A former White House official told a Senate panel Wednesday that lawmakers should ask the Office of Management and Budget for more authority to ease the hiring of skilled artificial intelligence workers.
During a Senate Homeland Security and Governmental Affairs hearing, Jennifer Pahlka, former U.S. deputy chief technology officer within the Office of Science and Technology Policy, said that federal agencies require support to add and encourage AI tech talent, which involves reducing burdens on agencies for hiring processes. Pahlka said that while OPM’s memo that authorizes direct hire authority removes some red tape for agencies, it does not help agencies that have to run separate hiring processes for open positions.
In an interview with FedScoop after the hearing, Pahlka said that the government needs to “pair mandates with enablement,” and that it is critical to both hire AI talent and upskill existing federal employees.
“In government, we invest orders of magnitude less than we should and upskilling our people. We should be training folks, not on compliance issues, like how to comply” with the White House’s AI executive order, Pahlka said. “We should be having a huge investment in fundamentals of core digital work as a foundation, including training on AI. We could do a lot more than we’re doing now and we still wouldn’t be doing enough.”
As for next steps, Pahlka said that some existing tools can help these AI recruitment efforts, like Subject Matter Expert Qualifying Assessments, or SME-QAs, which already support a streamlined approach to hiring. If paired with pool hiring, Pahlka said the government could bring on “great people, quickly.”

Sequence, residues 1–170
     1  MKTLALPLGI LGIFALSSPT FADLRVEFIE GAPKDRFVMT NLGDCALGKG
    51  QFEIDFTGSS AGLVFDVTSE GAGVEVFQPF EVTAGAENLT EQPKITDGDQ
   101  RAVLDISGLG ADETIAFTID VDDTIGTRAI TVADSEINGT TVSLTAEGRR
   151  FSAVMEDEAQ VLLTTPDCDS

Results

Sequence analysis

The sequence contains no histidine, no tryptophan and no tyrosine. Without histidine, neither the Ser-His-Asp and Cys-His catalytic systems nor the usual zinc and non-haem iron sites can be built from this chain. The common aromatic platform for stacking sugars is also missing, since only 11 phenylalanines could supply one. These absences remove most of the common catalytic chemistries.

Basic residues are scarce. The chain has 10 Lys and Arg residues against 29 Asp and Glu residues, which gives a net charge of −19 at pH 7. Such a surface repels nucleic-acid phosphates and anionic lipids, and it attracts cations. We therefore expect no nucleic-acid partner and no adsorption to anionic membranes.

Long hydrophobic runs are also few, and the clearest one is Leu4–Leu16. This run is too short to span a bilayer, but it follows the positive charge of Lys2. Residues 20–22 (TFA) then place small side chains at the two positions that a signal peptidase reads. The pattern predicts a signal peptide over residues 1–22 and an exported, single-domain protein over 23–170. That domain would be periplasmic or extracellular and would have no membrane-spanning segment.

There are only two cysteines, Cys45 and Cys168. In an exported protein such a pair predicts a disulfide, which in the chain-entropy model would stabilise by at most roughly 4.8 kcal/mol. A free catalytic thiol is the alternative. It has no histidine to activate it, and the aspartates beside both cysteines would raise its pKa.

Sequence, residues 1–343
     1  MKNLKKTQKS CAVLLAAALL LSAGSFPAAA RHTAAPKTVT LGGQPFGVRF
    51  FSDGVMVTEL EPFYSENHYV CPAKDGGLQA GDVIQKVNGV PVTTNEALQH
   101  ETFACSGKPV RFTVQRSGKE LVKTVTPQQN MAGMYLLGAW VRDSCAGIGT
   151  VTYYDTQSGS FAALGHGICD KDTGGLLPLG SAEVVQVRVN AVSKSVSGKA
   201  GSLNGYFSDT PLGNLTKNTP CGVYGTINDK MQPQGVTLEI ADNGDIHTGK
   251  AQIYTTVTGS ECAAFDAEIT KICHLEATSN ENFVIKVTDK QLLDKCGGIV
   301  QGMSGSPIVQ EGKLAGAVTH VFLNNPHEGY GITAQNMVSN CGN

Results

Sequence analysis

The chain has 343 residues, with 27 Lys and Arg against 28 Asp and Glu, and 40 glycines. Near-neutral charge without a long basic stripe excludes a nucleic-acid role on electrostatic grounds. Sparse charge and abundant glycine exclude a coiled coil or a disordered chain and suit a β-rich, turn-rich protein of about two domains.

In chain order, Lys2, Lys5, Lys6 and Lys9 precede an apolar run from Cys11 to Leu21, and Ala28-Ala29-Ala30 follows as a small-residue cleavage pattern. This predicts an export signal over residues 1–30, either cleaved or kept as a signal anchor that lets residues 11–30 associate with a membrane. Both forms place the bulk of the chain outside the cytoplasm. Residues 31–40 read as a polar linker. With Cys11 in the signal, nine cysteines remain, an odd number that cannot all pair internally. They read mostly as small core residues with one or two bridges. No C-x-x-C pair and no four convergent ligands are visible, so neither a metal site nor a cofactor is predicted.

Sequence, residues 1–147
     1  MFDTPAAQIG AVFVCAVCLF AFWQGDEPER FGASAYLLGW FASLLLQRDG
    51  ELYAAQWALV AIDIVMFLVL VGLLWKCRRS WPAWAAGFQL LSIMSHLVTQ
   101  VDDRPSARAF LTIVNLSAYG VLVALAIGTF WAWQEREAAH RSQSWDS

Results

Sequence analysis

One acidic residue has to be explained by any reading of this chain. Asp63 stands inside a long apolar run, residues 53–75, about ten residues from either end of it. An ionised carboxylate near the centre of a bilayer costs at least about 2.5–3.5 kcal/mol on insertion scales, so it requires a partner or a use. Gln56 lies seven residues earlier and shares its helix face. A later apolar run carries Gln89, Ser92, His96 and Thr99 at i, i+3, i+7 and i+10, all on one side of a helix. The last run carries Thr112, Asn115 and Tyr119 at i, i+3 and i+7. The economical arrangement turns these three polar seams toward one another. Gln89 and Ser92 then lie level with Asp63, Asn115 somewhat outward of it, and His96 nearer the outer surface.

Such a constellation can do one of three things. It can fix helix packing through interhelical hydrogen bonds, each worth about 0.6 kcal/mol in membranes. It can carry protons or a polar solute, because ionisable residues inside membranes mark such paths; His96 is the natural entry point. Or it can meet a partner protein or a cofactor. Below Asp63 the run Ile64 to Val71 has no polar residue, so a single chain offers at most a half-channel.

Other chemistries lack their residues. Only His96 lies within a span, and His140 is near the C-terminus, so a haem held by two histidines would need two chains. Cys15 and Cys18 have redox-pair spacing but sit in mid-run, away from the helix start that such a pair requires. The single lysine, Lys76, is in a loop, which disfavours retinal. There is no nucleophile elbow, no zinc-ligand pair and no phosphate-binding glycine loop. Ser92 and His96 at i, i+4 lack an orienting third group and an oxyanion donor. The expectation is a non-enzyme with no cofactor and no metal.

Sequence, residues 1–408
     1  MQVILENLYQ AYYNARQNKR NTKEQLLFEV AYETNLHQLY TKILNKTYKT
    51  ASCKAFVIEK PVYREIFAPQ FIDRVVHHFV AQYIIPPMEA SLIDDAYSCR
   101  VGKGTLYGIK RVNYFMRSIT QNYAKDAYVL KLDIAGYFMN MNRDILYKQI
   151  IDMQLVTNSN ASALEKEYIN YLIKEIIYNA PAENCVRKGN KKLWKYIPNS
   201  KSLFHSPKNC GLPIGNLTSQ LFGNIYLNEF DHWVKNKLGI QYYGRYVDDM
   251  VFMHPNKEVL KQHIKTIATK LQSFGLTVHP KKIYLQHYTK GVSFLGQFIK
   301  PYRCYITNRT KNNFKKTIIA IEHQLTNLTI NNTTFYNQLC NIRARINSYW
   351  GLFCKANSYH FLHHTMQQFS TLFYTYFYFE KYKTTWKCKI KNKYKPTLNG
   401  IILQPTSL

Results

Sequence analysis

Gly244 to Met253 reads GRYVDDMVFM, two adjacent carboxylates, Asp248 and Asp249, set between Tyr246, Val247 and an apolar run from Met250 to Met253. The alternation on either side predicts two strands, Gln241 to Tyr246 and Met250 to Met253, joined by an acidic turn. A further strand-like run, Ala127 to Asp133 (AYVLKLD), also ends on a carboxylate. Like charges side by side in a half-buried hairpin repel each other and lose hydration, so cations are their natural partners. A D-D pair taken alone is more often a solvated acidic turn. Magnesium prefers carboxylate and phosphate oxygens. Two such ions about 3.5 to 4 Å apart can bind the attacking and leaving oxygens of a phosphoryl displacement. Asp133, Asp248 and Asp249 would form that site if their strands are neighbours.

“We have to recognize that just changing a policy is insufficient; the engagement and education has to go along with it and sometimes it’s very hard to do,” Pahlka told FedScoop. “OPM doesn’t really have the resources. The philanthropy world needs to step up and see this as a critical issue and say, ‘how can we help with all of that stuff that’s hard for a constrained agency to do so that we can get the people we need in government?’”
Pahlka said that she “would love to see a super honest, frank conversation between folks on the Hill and folks in an agency,” where they discuss what barriers to hiring could be removed.
Noting that she was not able to discuss it during the hearing, Pahlka said that the government’s approach to funding needs to change from a “once and done” procurement philosophy to longer-term maintenance of projects and funding programs.
She stated that the timeline for funding projects often runs for a year or two, then faces large layoffs before the project becomes neglected during operation and maintenance time. Then, the government calls for modernization efforts for said project.
“AI is going to make that even more critical. We can just buy something and then be done with it,” Pahlka said. “We need a competency, ongoing, to work with the AI. It’s consistent with what I’m saying overall, which is the thing that we needed to do in the Internet era, that is work that is still undone now, really needs to be done because of AI.”